DNA and RNA biosynthesis

Deoxyribonucleic acid (DNA), which associated with basic proteins called histones constitutes the chromosomes, is the holder of biological information. Its replication allows the reproduction of species, its transcription the cellular function via the protein synthesis, enzymes, carriers, receptors etc

The enzymes necessary for the synthesis of DNA from the molecules provided by the external medium are themselves synthesized under the control of DNA, relayed by the ribonucleic acid, RNA.

Bacteria have two nucleic acids DNA and RNA, whereas viruses have only one of them, either DNA or RNA.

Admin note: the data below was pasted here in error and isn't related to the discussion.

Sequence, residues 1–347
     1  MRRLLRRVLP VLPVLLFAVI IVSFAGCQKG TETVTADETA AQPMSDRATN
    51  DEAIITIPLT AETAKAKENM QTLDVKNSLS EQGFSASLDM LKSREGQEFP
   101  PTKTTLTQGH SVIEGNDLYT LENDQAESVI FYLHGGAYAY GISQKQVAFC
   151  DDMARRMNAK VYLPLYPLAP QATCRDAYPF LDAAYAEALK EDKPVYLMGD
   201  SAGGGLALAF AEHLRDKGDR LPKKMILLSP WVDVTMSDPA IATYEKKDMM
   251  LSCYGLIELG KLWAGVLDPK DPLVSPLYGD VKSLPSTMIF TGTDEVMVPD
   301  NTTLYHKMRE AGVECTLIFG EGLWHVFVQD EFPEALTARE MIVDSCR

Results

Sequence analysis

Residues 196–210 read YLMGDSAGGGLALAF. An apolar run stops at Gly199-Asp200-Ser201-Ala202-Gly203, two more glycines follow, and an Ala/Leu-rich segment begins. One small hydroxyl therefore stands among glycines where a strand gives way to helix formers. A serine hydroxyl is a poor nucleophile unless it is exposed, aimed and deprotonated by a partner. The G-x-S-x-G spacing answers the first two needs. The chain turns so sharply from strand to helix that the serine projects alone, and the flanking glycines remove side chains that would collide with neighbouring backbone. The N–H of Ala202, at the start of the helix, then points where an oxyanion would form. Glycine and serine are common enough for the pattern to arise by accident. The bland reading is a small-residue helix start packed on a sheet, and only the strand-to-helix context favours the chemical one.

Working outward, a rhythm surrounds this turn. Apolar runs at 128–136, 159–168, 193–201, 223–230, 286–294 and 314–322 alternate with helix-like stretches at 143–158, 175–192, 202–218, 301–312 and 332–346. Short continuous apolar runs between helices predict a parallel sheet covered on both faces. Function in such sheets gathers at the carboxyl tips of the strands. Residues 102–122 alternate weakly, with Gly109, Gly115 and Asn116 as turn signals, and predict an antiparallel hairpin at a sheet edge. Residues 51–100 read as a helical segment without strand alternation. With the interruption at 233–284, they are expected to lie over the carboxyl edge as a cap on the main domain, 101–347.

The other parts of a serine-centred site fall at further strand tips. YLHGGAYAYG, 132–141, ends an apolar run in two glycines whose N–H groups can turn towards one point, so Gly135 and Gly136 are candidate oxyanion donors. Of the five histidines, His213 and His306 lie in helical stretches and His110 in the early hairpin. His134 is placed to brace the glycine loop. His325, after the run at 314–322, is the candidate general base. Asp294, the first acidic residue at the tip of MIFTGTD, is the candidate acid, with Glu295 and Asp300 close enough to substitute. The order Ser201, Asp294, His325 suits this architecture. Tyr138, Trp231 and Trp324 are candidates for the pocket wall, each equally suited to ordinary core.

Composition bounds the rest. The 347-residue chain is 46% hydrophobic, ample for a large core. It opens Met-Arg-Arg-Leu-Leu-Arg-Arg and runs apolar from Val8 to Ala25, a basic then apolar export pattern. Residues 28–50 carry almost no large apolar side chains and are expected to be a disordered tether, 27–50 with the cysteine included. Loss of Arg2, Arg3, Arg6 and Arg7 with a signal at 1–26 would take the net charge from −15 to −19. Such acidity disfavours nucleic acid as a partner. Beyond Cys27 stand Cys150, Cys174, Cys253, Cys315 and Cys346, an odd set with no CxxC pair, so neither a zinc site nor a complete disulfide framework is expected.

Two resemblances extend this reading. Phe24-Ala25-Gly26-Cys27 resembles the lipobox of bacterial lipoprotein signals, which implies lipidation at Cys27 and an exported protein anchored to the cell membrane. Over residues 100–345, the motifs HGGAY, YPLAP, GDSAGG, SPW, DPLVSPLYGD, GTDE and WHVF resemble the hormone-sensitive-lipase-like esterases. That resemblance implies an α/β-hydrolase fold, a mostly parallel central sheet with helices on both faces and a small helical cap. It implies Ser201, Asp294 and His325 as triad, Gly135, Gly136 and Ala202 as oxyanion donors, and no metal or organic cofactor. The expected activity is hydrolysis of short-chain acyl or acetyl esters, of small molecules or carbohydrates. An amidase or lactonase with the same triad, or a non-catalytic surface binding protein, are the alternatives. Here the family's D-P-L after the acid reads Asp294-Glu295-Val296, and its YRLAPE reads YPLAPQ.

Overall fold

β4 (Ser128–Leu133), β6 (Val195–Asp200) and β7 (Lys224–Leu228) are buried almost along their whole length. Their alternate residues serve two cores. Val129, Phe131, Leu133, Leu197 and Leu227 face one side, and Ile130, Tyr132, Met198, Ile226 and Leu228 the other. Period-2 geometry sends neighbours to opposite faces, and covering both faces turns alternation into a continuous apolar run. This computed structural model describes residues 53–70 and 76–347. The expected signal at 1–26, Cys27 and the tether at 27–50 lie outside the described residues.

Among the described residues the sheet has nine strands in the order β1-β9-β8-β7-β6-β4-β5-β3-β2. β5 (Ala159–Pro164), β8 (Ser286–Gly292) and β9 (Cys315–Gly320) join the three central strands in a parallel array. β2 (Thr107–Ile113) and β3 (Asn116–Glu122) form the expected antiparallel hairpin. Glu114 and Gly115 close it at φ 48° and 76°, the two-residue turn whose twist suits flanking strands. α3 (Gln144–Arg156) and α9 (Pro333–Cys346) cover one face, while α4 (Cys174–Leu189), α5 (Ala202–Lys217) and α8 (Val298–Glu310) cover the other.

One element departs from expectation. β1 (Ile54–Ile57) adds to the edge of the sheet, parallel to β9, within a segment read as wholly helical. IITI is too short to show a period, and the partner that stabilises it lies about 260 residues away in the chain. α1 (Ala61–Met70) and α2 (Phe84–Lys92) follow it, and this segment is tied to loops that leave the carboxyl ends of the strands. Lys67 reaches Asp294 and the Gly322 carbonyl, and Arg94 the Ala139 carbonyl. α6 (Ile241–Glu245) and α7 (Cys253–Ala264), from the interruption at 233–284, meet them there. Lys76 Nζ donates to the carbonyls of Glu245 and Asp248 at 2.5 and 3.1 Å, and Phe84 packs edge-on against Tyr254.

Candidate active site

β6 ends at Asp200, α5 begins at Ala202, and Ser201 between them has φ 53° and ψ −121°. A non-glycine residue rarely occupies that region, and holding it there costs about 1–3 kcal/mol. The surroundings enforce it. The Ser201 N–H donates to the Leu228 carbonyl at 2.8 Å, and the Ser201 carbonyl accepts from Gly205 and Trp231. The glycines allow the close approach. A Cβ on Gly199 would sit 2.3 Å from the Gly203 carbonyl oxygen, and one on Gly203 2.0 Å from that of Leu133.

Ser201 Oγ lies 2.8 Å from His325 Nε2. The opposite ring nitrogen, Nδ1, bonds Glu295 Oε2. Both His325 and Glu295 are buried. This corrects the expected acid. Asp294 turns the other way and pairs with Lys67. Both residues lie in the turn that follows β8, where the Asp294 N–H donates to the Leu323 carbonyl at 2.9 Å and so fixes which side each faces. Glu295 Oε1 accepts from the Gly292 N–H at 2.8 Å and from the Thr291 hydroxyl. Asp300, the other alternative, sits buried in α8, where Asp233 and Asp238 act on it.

The components of ribonucleic and deoxyribonucleic acids are a purine base (adenine, guanine) or a pyrimidine base (cytosine, thymine, uracil), a sugar (either D-ribose or D-deoxyribose) and one, two or three molecules of phosphoric acid. The structures base + sugar are called nucleosides and ribonucleosides (adenosine, guanosine, cytidine and uridine) and deoxyribonucleosides (deoxyadenosine, deoxyguanosine, deooxycytidine and deoxythymidine). When phosphorylated, the nucleosides are called nucleotides, ribonucleotides and deoxyribonucleotides. The biosynthesis of DNA and RNA is a complex phenomenon involving a great number of steps.

On the pharmacologic level, the alteration of DNA and RNA synthesis can inhibit the development of microorganisms (bacteria, viruses, parasites) and tumors. This inhibition can be obtained at two levels

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